Saints may consider their legal options - Sports News - Fanatics - the world's biggest events

Saints may consider their legal options

By Guy Hand 23/08/2007 11:47:34 PM Comments (0)

St Kilda refused to rule out legal action to have player Steven Baker's seven-match ban overturned after the AFL appeals board threw out his bid to beat the suspension.

St Kilda president Rod Butterss said the club would now think about its options after the appeals board backed the AFL Tribunal's ruling earlier this week that Baker was guilty of rough conduct over an incident which left Fremantle's Jeff Farmer with facial injuries.

Baker's seven-match ban is the biggest AFL suspension in a decade.

Not since Carlton's Greg Williams was given nine weeks for pushing a field umpire in 1997 has a player been hit so heavily, though a fair chunk of the penalty was activated by Baker's poor previous disciplinary record.

On Thursday night, Butterss wasn't ruling out court action to have Baker's suspension overturned, and said the club would now consider its next move.

"We are extremely disappointed. We are going to go away and have a little think about it," Butterss said.

With official AFL avenues exhausted, the Saints' next step to free Baker would have to be through the legal system - a move which could open a minefield for the league's judicial process.

An ashen-faced Baker left the marathon three-hour hearing without comment, while Butterss consulted with the Saints legal team for several minutes after the hearing in a private room before emerging.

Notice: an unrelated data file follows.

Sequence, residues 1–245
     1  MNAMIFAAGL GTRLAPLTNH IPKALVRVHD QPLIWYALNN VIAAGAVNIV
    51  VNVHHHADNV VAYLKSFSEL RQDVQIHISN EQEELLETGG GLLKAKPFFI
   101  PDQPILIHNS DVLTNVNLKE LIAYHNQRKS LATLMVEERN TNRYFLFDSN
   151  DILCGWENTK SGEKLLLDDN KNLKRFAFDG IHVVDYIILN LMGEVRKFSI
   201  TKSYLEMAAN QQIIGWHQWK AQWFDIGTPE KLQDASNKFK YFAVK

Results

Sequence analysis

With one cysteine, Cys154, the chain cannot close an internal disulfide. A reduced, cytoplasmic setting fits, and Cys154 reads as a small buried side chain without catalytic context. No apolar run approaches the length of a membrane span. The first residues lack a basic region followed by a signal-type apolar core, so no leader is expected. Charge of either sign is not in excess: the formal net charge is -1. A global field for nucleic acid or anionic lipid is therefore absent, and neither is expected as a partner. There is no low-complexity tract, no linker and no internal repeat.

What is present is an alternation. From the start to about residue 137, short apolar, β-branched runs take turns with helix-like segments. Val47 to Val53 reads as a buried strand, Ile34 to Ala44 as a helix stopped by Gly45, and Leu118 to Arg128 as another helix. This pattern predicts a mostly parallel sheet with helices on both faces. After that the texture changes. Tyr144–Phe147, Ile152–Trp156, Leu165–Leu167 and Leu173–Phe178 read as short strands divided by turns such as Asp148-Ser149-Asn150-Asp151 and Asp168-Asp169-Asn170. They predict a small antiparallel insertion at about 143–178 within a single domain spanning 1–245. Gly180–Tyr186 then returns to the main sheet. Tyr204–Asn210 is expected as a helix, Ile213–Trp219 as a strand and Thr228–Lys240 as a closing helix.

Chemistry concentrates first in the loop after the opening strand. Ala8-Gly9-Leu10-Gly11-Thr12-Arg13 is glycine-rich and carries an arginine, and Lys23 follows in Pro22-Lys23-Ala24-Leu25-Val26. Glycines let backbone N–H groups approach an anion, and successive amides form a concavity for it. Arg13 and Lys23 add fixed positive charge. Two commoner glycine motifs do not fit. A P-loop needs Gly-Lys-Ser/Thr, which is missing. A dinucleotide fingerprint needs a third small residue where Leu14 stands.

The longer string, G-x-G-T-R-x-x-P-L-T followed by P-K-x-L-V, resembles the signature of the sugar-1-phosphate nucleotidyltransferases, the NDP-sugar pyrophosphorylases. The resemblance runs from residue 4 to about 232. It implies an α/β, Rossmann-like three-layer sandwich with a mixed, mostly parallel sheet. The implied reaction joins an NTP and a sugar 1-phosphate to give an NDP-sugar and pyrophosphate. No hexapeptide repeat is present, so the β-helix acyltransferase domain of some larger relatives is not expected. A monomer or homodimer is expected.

Baker will miss the Saints' final two home-and-away matches of the season, starting with Friday night's clash with West Coast at Telstra Dome.

He could also miss the first five rounds of next year should the Saints not make this season's finals.

St Kilda's legal team unsuccessfully argued the tribunal's original finding showed "considerable unfairness" in convicting Baker on the basis of his own evidence that he moved into Farmer's path to block him while the Dockers player was running at pace.

Saints counsel Philip Priest told the appeals board Baker's hefty ban for effectively telling the truth to AFL investigators and the tribunal could act as a deterrent to players doing the same in the future.

"If Mr Baker comes along and tells the truth and gets a seven-match suspension, what message does that send to players?" he told the board.

The AFL's legal counsel Andrew Tinney said Baker's admitted actions had led to Farmer's broken nose and concussion.

"He took a step which caused a violent collision. He knew the player was behind him and running fast," Tinney told the appeals board.

"He caused the collision, and the collision led to serious injury."

The Saints were also unable to convince the three-man appeals board the tribunal had erred in law by finding Baker guilty of rough conduct over the incident.

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